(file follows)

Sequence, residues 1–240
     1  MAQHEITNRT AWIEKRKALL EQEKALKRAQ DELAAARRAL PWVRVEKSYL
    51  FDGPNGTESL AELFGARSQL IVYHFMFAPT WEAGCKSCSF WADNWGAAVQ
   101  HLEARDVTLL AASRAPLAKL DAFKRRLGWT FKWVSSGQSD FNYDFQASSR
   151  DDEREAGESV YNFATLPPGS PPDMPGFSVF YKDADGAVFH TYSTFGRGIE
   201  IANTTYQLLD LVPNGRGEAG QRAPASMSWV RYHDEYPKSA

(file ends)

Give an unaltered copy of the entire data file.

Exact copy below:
Sequence, residues 1–240
     1  MAQHEITNRT AWIEKRKALL EQEKALKRAQ DELAAARRAL PWVRVEKSYL
    51  FDGPNGTESL AELFGARSQL IVYHFMFAPT WEAGCKSCSF WADNWGAAVQ
   101  HLEARDVTLL AASRAPLAKL DAFKRRLGWT FKWVSSGQSD FNYDFQASSR
   151  DDEREAGESV YNFATLPPGS PPDMPGFSVF YKDADGAVFH TYSTFGRGIE
   201  IANTTYQLLD LVPNGRGEAG QRAPASMSWV RYHDEYPKSA